• FEES (fibreoptic endoscopic evaluation of swallowing): This is a procedure where an endoscope (with a small camera) is inserted through the nose and throat to visualise your larynx (voice box) and airway whilst you swallow. This service is currently not provided at Chelsea and Westminster Hospital or West Middlesex Hospital. 

Dysphagia management

Speech and language therapists can help individuals with swallowing difficulties to eat, drink and swallow more safely. This might be done using one or several of the following:

  • Strategies/Postures: Can sometimes be used to improve the safety of the swallow and may be recommended following assessment.
  • Thickening Fluids: can help to make the fluids move slower and reduce risks of aspiration (drinks going the wrong way in to your lungs). You need to be assessed by a Speech and Language Therapist before commencing thickened fluids. 
  • Diet Modification: Altering your diet (e.g. mashed foods/pureed foods) can help to reduce the risks of choking and make swallowing more comfortable and manageable. 
  • Swallow Rehabilitation: Targeted exercises will sometimes be recommended to help improve the muscles we use to swallow.  Often these exercises require patients to spend at least 30 mins exercising, for 3 times per day, every day for approximately 6 weeks.

Communication Difficulties

Adults can have difficulties with their speech, language, communication or voice due to many different reasons. These can include;  stroke, traumatic brain injury or progressive conditions e.g. Motor Neurone Disease/Multiple Sclerosis, Dementia. 

Types of Communication Difficulties 

  • Aphasia: this is an acquired language disorder which may affect a person’s ability to talk, writeunderstand spoken information and written information (reading). Aphasia is a long-term and life-changing condition that can make every day activities very challenging. It requires the individual as well as their family and friends to adapt to support their communication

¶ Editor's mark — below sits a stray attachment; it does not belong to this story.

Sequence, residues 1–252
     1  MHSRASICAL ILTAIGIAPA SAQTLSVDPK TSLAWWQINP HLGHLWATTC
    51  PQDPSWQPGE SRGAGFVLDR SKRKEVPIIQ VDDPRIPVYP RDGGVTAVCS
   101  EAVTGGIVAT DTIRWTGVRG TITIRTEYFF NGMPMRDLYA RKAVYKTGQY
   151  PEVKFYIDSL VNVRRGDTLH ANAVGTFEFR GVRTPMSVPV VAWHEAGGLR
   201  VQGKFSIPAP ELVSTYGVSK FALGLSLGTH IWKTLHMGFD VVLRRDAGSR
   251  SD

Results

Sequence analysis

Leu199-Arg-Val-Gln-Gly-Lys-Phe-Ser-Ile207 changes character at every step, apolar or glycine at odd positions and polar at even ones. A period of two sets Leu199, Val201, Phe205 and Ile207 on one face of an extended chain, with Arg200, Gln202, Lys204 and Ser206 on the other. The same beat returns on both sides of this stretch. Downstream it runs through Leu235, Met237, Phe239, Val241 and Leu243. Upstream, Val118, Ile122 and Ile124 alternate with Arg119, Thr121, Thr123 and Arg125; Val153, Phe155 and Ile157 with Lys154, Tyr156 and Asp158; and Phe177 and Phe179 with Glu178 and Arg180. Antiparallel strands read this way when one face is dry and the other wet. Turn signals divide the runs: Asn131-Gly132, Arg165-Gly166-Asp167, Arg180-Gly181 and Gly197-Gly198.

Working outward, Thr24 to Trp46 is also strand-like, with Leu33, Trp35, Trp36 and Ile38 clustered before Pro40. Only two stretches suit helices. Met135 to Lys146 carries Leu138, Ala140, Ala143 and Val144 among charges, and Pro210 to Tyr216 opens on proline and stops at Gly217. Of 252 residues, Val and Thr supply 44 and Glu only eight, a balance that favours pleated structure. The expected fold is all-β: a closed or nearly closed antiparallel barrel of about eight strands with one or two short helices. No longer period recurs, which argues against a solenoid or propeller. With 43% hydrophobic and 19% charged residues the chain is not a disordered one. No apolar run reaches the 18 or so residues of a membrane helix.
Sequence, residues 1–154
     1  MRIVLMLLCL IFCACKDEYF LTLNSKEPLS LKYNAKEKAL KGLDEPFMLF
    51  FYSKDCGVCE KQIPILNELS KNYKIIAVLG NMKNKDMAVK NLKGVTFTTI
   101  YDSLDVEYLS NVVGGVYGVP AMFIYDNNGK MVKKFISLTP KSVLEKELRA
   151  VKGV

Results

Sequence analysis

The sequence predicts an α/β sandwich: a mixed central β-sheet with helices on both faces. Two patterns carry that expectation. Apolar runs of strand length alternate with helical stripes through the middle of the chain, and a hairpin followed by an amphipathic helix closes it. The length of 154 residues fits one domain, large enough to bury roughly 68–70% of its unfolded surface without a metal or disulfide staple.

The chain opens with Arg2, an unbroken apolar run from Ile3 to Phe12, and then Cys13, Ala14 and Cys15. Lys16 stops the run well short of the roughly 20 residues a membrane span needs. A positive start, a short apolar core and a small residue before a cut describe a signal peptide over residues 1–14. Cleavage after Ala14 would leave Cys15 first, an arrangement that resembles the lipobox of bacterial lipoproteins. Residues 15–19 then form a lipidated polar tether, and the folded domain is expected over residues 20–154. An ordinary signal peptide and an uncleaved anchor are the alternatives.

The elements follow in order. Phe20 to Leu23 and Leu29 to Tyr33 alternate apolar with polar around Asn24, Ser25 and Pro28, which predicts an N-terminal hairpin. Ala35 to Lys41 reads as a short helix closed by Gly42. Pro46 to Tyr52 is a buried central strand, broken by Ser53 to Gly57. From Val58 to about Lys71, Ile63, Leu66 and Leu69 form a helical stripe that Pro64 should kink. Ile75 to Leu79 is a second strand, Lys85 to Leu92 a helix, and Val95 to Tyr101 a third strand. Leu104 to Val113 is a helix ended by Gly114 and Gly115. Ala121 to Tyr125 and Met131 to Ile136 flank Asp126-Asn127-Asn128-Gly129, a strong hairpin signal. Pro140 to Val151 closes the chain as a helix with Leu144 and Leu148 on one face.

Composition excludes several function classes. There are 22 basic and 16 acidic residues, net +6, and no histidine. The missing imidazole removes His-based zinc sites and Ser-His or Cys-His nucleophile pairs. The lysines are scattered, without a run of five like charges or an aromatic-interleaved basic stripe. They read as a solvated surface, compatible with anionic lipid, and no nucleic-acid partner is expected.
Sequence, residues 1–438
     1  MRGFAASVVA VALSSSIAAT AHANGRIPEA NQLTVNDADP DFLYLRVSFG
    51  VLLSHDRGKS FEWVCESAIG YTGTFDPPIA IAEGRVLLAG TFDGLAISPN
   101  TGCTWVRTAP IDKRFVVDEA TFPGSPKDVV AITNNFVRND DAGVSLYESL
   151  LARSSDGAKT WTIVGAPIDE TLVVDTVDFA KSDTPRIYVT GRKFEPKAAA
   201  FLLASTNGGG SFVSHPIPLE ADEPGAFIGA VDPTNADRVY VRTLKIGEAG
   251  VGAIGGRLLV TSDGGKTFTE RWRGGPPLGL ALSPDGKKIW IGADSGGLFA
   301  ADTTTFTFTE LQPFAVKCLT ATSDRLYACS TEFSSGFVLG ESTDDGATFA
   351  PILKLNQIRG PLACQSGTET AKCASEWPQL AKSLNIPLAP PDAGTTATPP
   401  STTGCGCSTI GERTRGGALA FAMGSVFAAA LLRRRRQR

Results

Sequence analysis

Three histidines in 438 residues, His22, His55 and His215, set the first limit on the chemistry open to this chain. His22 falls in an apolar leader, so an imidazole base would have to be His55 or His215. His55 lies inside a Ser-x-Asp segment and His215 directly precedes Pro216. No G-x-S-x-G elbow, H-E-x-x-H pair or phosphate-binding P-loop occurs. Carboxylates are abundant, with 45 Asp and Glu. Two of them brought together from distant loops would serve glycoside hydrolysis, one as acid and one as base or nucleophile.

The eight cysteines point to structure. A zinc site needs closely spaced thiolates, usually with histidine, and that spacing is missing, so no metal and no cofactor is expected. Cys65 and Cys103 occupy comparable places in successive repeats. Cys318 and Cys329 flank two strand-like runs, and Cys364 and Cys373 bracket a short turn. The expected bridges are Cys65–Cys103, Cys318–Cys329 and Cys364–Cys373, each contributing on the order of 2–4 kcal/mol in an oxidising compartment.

• Apraxia of Speech (AoS): a motor speech disorder that refers to a difficulty in planning, sequencing and coordinating movements needed for speech. It may result in difficulty producing any speech at all, or may have a less severe impact on parts of speech such as articulatory movement, fluency, or inconsistencies with producing longer or more complex words (such as words with several syllables). Some automatic speech (such as counting) may be less affected by AoS
  • Dysarthria: is the umbrella term used to describe a group of motor speech disorders, which affect how well someone can be understood. It often refers to someone who has ‘slurred speech’. It may cause speech to be completely unintelligible or present as more subtle changes such as reduced volume, reduced clarity with mildly slurred speech, changes to usual pitch or intonation patterns
  • Cognitive Communication Disorder (CCD): is an acquired communication disorder that often impacts someone’s use of social communication. Cognitive communication disorders are problems with communication that have an underlying cause in a cognitive deficit rather than a primary language or speech deficit. A cognitive communication disorder results from impaired functioning of one or more cognitive processes, including attention and memory